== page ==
3 of the Greatest Plumbing Projects in History

The Greatest Plumbing Projects in History

Few professions seem more humble than plumbing. We literally do the dirty jobs that keep modern life from, well, stinking. Just because we do our best work in the background doesn’t mean we don’t bust loose every once in awhile, however.

Plumbing has been an essential aspect of developing society ever since people started living in groups. That means over the years there have been plenty of large-scale plumbing jobs, plans, mistakes, and breakthroughs. Here are three of the most massive plumbing projects of all time. Each of these projects has profoundly affected culture, history, and economy–and some still are!

the roman aqueducts are one of the greatest plumbing projects in history

Roman Aqueducts

Ancient aqueducts were channels designed to transport water from a reservoir to an often-distant city. Rome’s aqueducts weren’t the earliest–not by a long shot, in fact. They were, however, the most ambitious and impressive feats of plumbing engineering of their time. Rome’s aqueducts marked a new era for the importance of centralized, planned plumbing. Simply put, without the water and sewage transportation the aqueducts provided, a city with the population and power of Rome would have been logistically impossible.

Roman aqueducts were an answer to a problem: The city needed a lot more water than it had. Rome’s first aqueduct, the Aqua Appia, was constructed in 312 BC. The 16.4 kilometer-long channel supplied the Forum Boarium fountain with 75,500 cubic meters of water every day. As the empire continued to expand, it constructed many more aqueducts. The longest aqueduct, the Aqua Marcia, was 56 miles long! The aqueducts aren’t weren’t just impressive for their scale, either; they’re considered engineering marvels for their ingenious construction and longevity. In fact, the Acqua Vergine, which was built in 19 BC, still supplies water to Rome to this day!

 

London's sewer system is one of the greatest works of plumbing in history

London Sewerage System

People have lived in London since around the year 50. As you might imagine, a city that’s thousands of years old may not have the most modern infrastructure. In the 19 century, London’s plumbing system supported three million people, 360 sewers, and all the outfall of heavy industry. A lot of the system’s waste discharged directly into the River Thames… pictured above… in the middle of London.

London’s sewage problems culminated in an event known as–we’re not making this up–”the Great Stink”. In 1858, hot summer heat baked the Thames, creating a smell of such biblical proportions that the amendment proposing cleanup called the river “a Stygian pool, reeking with ineffable and intolerable horrors”. Joseph Bazalgette made life in London possible again when he designed a sewer system to divert waste away from the city. Bazalgette’s system comprised six intercepting sewers almost 100 miles long. Thousands of workers spent years constructing the sewers using 318 million bricks and 880,000 cubic feet of concrete. Though the city has replaced almost all the original pipes, Bazalgette’s original design still serves as the skeleton for one of the most elaborate and important sewage systems on Earth.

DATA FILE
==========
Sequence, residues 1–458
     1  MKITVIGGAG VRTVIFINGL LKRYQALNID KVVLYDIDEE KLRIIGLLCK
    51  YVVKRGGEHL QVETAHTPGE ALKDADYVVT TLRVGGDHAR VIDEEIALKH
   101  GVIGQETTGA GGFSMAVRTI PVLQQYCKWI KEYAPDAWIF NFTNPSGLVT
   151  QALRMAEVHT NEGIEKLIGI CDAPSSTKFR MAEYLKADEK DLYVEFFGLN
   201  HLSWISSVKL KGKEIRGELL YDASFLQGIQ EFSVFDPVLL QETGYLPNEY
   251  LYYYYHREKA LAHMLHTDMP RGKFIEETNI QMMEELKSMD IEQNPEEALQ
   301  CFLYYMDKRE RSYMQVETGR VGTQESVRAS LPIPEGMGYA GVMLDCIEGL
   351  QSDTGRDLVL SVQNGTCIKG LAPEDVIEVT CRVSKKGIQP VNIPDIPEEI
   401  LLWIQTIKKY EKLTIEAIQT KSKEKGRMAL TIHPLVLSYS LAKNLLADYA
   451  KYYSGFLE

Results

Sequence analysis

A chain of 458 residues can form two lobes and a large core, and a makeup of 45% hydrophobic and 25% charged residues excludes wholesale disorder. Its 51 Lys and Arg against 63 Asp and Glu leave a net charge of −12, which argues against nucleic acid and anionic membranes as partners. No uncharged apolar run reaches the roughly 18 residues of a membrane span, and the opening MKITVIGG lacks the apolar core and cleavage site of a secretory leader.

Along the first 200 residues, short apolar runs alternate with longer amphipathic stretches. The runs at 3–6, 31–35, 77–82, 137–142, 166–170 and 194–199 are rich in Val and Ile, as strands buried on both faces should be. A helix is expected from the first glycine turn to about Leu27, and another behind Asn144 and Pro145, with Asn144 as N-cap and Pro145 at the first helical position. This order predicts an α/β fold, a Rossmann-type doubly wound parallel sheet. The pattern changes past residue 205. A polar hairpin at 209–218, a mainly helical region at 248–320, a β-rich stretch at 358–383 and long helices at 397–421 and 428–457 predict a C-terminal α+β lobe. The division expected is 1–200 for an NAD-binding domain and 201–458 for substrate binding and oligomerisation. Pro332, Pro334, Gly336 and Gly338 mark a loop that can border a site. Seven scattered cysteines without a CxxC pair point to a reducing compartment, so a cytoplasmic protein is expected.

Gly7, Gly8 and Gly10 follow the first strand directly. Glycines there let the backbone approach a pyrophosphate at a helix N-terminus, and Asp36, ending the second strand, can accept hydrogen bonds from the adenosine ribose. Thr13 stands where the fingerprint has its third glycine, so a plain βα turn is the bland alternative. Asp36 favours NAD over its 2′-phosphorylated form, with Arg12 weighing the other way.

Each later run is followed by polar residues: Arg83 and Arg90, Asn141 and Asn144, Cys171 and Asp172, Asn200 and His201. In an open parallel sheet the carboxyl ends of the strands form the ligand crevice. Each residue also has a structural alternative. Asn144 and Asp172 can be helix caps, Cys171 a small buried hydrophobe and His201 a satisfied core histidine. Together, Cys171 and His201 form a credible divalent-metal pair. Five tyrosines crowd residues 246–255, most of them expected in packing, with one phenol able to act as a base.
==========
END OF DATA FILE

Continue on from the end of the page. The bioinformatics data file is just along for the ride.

Tokyo's G-Cans drainage system is one of the most impressive feats of plumbing engineering in history

Tokyo’s G-Cans Drain System

Over 38 million people call the Greater Tokyo Metropolitan area home, making it the most populous metro in the world. It’s also one of the areas most at-risk of climate change-related flooding. Experts believe Tokyo will be 10 to 20 percent more affected by uneven rising sea levels than most of the rest of the world. Climate change could also exacerbate Japan’s infamous rainy season (tsuyu), leading to sudden so-called “guerrilla rainstorms”, which may cause massive flooding.

So: how do you respond to an unprecedented flooding threat? By building the world’s biggest drain. The G-Cans project (otherwise known as the Metropolitan Outer Underground Discharge Channel) took 17 years and two billion dollars to construct. The G-Cans channels overflowing flood water from Tokyo rivers into five 213 foot deep, 105 foot-wide silos before finally depositing it in a 580-foot deep pillared tank called the “Underground Temple”. The tank connects to several 14,000 horsepower turbines and 78 water pumps, which can pump 200 tons of water out of the tank and into the Edogawa river per second. The feat of plumbing technology is so impressive that it hosts a very popular guided tour every day!

 

Each of these three projects are quite impressive, but as you’re no doubt all-too-aware, not all plumbing ventures are fated to meet with success. Stay tuned for our examination of grand plumbing projects that are famous (or infamous) for… different reasons than these ones are.

In the meantime, if you’re undergoing a grand plumbing experiment yourself–or if you just can’t get your sink to stop gurgling–give Ben Franklin a call anytime. We’ll see what we can do about preventing your own personal “great stink”.

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